Seattle's alleys represent an enormous opportunity for reclaiming urban space. Pioneer Square is ground zero for this with the Alley Network Project, which is trying to transform alleyways by cleaning them up, giving them identity and more public purpose than being just places for garbage, rats, and crime.
I suggested last year that Seattle start a city-wide initiative to name alleys as part of this type of transformation. We have more than 250 miles of unnamed alleys in the city. The Alley Network folks are ready to move ahead outside official city channels. That is, naming alleys unofficially with the hope that designations might eventually become established. (Roethke Mews behind the Blue Moon in the University District is an example of an unofficial alley name.)
Naming alleys is important in a couple of ways. It recognizes spaces that are otherwise off the radar screen. The naming and reclaiming process is one that can help surface or resurface interesting neighborhood cultural and heritage information. Plus neighbors working with neighbors to make alleys safer, cleaner, and eventually opening them up for other uses, builds community.
It's also an opportunity to honor the 100 or more years of Seattle's urban history that has occurred since the city's grid was named and numbered. not to mention other aspects of history that have been overlooked or left out (native place names are an example, as are controversial historic figures like early madame, Mother Damnable).
There are practical reasons too. Eventually, businesses, markets, and housing might be located along alleyways, which in many cities aren't simply utility corridors. To locate businesses in alleys, they need to have formal addresses. In other words, if you name it, they will come. And the fire and police departments, the postal service, and customers can find them.
An interesting case study is so-called Nord Alley, the unofficial name for the one-block alley from Main to Jackson, and between First Avenue and Occidental in Pioneer Square. The Nord Building is one of many historic buildings that back onto the alley, and it houses the office of the International Sustainability Institute which is involved with alley revitalization. They've been working with architecture firm Jones and Jones (located in the adjacent Globe Building, also home of Crosscut and formerly Elliott Bay Book Co.) and others in bringing art and events to the alley.
The name Nord Alley has made its way onto Google Maps, but it is neither an official name nor necessarily the name the alley folks want. The current plan is to have various alleys in the neighborhood pick names and put up alley banners with those names on them. This might involve coming up with a broader name for the network of central Pioneer Square alleys, with smaller alley segments having their own designations. Or not. It's still under discussion.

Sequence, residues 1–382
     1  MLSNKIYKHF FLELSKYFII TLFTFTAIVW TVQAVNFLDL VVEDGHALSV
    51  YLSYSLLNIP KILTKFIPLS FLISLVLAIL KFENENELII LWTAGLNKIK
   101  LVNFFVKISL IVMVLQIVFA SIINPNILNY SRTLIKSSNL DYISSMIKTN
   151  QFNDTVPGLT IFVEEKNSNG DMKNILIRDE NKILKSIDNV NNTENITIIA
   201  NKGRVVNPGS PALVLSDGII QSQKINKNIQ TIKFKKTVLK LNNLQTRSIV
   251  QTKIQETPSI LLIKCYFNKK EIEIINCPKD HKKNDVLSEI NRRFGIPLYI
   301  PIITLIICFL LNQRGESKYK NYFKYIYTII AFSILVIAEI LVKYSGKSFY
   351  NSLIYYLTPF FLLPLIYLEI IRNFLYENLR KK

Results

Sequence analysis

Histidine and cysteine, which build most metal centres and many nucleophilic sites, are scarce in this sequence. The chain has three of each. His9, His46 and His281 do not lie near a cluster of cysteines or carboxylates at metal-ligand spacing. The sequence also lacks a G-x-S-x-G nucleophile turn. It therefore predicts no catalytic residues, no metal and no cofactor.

The Nord Alley people are looking at a wide range of ideas, and have been researching the history of adjacent buildings for clues. Many of the buildings on that block have been hotels (the Nord, the Globe), or associated with saloons, illegal booze, brewing, and manufacturing (candy, quilts). The alley is located in the middle of the onetime isthmus or island known as Denny Island. The buildings were all built shortly after the fire of 1889. The block is associated with venerable old Seattle figures (Chief Seattle, Doc Maynard), but also with prominent Pioneer Square personalities such as Underground entrepreneur Bill Speidel, landlord Sam Israel, and Square revitalizer architect Ralph Anderson, to name a few.
Seattle is not the only U.S. city where business districts are naming alleys. Sacramento recently approved a grid of new midtown alley names as part of a larger reclamation effort to seed them with shops, cafes, and residential development. Named alleys include Solons Alley (it is the state capitol), Tomato Alley, Democracy Alley, Government Alley, Uptown Alley, Quill Alley, Powerhouse Alley, Eggplant Alley, Jazz Alley, Chinatown Alley, and many more. Naming a bunch of alleys at once (some already had names) helps add to the sense of the range of activities and culture found in the business district.
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